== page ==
Smoking Leads to Postmenopausal Tooth Loss
Scientists reveal that postmenopausal who have a history of heavy smoking are more likely to lose teeth due to periodontal disease than those who never smoked. Chronic inflammation of the gum tissues surrounding the teeth (periodontal or gum disease) has been linked to other chronic diseases like cancer, heart disease and stroke.
The recently published study was featured in the Journal of the American Dental Association and was done by researchers at the University at Buffalo. It involved more than 1,000 women who participated in the Buffalo OsteoPerio Study, as part of the Women’s Health Initiative, (WHI), the largest US clinical trial. The recent UB study is the first to look into the smoking histories of participants which allowed researchers to evaluate the causes of tooth loss in postmenopausal women.
Xiaodan Mai, a doctoral student in epidemiology in the UB Department of Social and Preventive Medicine, states that postmenopausal women experience more tooth loss regardless of oral health practices, compared to males of similar ages. Tooth loss has also been linked to poor health outcomes such as cancer, diabetes, heart disease, stroke, and rheumatoid arthritis.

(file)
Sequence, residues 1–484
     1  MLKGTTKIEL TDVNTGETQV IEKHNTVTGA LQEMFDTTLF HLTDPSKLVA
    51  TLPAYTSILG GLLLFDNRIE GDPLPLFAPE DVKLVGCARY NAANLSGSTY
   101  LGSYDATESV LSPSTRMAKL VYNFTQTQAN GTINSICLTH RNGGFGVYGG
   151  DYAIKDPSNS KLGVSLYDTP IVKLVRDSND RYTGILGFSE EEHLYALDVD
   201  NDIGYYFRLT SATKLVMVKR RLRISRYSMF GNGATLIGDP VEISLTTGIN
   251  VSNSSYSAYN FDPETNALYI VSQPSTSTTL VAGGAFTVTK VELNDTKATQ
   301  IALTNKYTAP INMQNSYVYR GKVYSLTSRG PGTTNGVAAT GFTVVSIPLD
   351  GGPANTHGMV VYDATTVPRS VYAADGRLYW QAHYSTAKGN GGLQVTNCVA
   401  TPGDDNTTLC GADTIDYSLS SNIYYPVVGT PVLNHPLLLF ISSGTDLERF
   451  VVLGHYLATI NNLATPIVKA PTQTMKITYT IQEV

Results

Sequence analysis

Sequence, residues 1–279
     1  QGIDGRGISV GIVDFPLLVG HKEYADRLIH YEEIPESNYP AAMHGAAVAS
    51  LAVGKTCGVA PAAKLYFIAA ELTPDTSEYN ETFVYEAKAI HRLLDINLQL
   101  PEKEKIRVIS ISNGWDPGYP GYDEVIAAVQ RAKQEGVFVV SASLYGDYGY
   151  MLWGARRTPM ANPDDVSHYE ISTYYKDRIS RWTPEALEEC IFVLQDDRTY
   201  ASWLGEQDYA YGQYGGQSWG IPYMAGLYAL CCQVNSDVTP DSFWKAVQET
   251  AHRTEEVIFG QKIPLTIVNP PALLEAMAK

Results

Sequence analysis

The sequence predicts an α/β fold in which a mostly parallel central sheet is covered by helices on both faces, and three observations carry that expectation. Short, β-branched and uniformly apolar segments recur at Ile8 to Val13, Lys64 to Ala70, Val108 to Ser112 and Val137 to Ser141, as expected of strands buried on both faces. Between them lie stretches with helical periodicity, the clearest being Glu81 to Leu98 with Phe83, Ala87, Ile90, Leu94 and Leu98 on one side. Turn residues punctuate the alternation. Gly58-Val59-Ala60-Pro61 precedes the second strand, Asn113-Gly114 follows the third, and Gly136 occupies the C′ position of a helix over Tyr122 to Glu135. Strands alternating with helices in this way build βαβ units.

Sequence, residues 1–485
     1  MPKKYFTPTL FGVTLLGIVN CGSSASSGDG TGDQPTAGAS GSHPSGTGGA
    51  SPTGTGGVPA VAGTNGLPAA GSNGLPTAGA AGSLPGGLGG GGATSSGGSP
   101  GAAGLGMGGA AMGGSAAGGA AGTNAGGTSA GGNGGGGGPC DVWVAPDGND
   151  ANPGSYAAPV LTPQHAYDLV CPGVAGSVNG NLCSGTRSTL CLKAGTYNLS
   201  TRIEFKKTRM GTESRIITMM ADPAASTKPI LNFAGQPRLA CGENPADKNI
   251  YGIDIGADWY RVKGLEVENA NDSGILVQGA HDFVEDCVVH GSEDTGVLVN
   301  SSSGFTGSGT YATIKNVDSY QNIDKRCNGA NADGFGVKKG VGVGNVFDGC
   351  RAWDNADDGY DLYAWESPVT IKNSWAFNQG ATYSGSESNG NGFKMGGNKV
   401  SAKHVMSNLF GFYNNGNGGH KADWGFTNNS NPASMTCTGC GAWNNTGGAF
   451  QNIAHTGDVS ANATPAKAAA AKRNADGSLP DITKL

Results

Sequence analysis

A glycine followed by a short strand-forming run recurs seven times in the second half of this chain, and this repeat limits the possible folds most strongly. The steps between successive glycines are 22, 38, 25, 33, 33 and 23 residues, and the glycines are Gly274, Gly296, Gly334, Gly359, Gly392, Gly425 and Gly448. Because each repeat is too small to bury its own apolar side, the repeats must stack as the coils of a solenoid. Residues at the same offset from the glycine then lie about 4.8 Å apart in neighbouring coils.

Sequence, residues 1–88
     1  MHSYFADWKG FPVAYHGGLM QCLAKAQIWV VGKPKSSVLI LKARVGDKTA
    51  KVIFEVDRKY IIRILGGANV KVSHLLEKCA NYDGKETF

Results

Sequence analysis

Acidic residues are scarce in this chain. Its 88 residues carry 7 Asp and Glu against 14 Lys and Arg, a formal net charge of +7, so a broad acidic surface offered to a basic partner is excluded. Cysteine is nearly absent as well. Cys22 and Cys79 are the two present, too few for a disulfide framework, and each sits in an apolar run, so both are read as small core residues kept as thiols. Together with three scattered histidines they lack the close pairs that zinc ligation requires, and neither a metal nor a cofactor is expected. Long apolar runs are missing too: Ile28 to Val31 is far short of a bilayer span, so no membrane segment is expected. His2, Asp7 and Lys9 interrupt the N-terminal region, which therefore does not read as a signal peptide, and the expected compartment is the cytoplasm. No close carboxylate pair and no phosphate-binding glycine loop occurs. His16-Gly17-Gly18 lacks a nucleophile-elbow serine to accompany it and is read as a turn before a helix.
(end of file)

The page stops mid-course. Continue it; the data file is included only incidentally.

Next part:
In their study, participants completed detailed questionnaires about their smoking history and underwent dental examinations. They also reported every tooth loss to dental examiners. The investigators found that women who smoked heavily (at least one pack of cigarettes daily for 26 years) are twice as likely to lose teeth and six times more likely to experience tooth loss due to periodontal disease compared to non-smokers.
The authors note that cigarette smoking may accelerate gum disease by encouraging the growth of plaque-forming bacteria that reduces the antioxidative effects of saliva. Other negative effects of nicotine includes reduction of bone density, bone mineral factors, and estrogen hormones among women smokers. They believe that their study presents another tangible reason for women to quit smoking.
University at Buffalo. Postmenopausal women who smoked are more likely to lose teeth due to periodontal disease. ScienceDaily.